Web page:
1. You have some very strict rules for what constitutes a DNF, Mr Randomchap. That was a genuinely tough puzzle and the fact that you completed it at all is a good effort as far as I’m concerned. It would certainly have been way beyond me when I was at a similar stage of my QC ‘career’.
  31. I came to this after 5 o’clock and it was a disaster. I did most of it without any big issues (just the odd raised eyebrow) but came to grief in the NE. I worked out that it was the fault of an error with 10ac. I bunged in ‘tract’ since it is a shortened (ex)tract and seemed to fit the definition of tract as a ‘writer’s exposition’. Obviously this made 6d and 7d completely impossible.
    I didn’t think that my error was so bad (even though the hidden should have been obvious). I worked out A PROPOS DE RIEN, removed ‘tract’ and finished. I can’t blame Izetti for my performance but I did think this was beyond acceptable for a supposed QC. Just too clever in parts for a ‘quickie’. Thanks to William for doing a good job. John M.
  32. I solved this after golf, not that quickly.
    A high quality, difficult QC. Every so often Don teaches us some new words and phrases and I think the best advice is to learn them for when they come up again.
  33. General Knowledge is rather important in the QC, as it is often at a slightly higher percentage than in the 15×15. Today one sixth of the clues required GK. 11ac, 19ac, 5dn & 15dn. That’s 16.67% – 20% is often reached.

    Never stop reading – anything! You will progress. I often do the Monday GK for a warm-up. COD ALEPH.

  34. I did this earlier today, and have to say it came within a whisker of being a DNF. Not only did I bung in Alpha, which messed up the SE corner before I spotted my mistake, but I spent ages on loi 21ac, Routine. As usual when I really struggle with a clue it was a wrong end issue. The towel was speeding towards the ring before a massive pdm prompted Routine for practice. About 30mins in all, most of them jolly, with a smile at 6d. Stiff but fair, as ever with Don. Invariant
  35. Missed out on debunk and gibbon but even getting that far took me over 30 minutes. At least I figured out a propos de rein.
  36. Not a happy bunny today. I was going great guns at first and got all the way to 21a before getting my FONI. The last two acrosses also went in straight away and I thought I was on for a great time. I didn’t get DEBUNK straight off admittedly, but it went in when I came back to it and somehow even TRADUCE came to mind immediately, perhaps because I remembered being completely stumped by the unknown word very early in my crossword career a few years ago. Basically, by 13 minutes, I had everything apart from 21a and 6d. ROUTINE went in in short order since I’ve seen roue = rake a couple of times recently and that just left 6d. I assumed it was a Latin phrase I hadn’t heard of, but somehow to find it is French is even more frustrating. I thought these crosswords were supposed to be in English. I did almost work out the correct answer after 25 minutes (I forgot to count my Es and Os and put PREPOS instead of PROPOS) but it was a guess. If you’re going to put an obscure foreign phrase in a crossword, why clue it with an anagram? I’m sure Izetti could easily have come up with an inventive clue involving an oversize supporter with the queen and I in a hole, or something. Thanks anyway Izetti and, of course, William.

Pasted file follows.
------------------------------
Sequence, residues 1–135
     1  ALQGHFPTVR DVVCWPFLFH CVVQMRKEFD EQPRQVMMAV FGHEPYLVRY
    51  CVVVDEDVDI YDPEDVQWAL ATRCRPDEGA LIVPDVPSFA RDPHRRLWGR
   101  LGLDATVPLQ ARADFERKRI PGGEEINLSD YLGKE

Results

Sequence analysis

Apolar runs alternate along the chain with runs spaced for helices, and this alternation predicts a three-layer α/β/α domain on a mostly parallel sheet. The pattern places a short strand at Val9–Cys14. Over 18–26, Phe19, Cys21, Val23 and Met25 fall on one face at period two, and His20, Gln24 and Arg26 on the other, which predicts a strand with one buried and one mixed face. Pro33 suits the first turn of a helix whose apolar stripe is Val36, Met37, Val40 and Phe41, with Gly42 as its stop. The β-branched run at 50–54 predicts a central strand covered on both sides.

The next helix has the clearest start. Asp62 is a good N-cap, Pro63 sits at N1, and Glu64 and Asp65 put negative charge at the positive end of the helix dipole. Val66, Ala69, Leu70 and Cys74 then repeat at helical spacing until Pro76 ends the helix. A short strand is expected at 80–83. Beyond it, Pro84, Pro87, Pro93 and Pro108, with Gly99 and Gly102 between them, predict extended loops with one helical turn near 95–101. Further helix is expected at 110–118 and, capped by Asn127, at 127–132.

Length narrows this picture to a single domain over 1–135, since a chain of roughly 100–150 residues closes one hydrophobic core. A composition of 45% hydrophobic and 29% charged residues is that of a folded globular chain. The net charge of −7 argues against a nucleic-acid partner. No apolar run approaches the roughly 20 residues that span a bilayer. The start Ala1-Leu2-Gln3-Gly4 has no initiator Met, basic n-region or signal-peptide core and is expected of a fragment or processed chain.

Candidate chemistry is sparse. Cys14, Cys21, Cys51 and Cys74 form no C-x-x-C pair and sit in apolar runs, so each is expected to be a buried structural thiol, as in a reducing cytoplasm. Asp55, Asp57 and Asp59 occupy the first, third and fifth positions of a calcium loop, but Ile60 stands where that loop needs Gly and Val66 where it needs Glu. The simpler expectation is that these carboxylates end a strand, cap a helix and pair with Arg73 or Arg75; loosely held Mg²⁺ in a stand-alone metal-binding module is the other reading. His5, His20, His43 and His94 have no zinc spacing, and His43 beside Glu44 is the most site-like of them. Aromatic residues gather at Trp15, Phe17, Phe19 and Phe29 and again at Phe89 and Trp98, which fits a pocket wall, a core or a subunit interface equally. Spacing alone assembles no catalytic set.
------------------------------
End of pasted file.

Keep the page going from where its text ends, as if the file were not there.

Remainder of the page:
37. Did it, finished it, can’t say I loved it — and, despite the tricksy nature of his puzzles, I usually love an Izetti. I had a very similar experience to Cedric, even down to the debone / DEBUNK options, but took a minute longer. In fact, I spent four minutes on POI and what I thought was my LOI — 12a and 6d. Then I discovered that I hadn’t solved 1d — what a performance! I knew A PROPOS but didn’t remember the second part of the phrase. As I finally filled it in, I thought there are going to be some comments about this one 😅 No probs with the rest of the GK.
    FOI Direst
    LOI Debunk
    COD Parasites
    Thanks Izetti and William
  38. But still DNF today — exceedingly tricky! I do know french so kicking myself that I didn’t work out A PROPOS DE RIEN. I just wasn’t expecting a french phrase — I won’t make that mistake again! Other clues unanswered included GIBBON and GRASPED. Took a long time over DEBUNK but this was nonetheless my COD. I did enjoy the process despite being rather stumped by some of the clues. More practice clearly required. Many thanks Izetti and William.
  39. DNF for me today. I had the letters for Aleph but didn’t know the word. Learned something.

    Never heard of ‘roue’ for a rake meaning person of immoral character. It’s a dated French word – does it really belong in a crossword.

    ‘Hunk’ clued as ‘macho man’? ‘Rasped’ clued as ‘irritated’? I have to say I didn’t enjoy this one which I don’t remember ever thinking about a QC before even when I haven’t finished them. There was just something odd about it all.

    Hey ho, thanks anyway to Izetti as I do appreciate how long this must have taken to produce, and thanks for the blog as always.

  40. Slow time – but all correct. I tackled this at the start of the day but cannot recall what was FOI and LOI. Although disappointed with the time on completion, It was only the A PROPOS DE RIEN that caused the delay. Thank you to william-j-s and Izetti.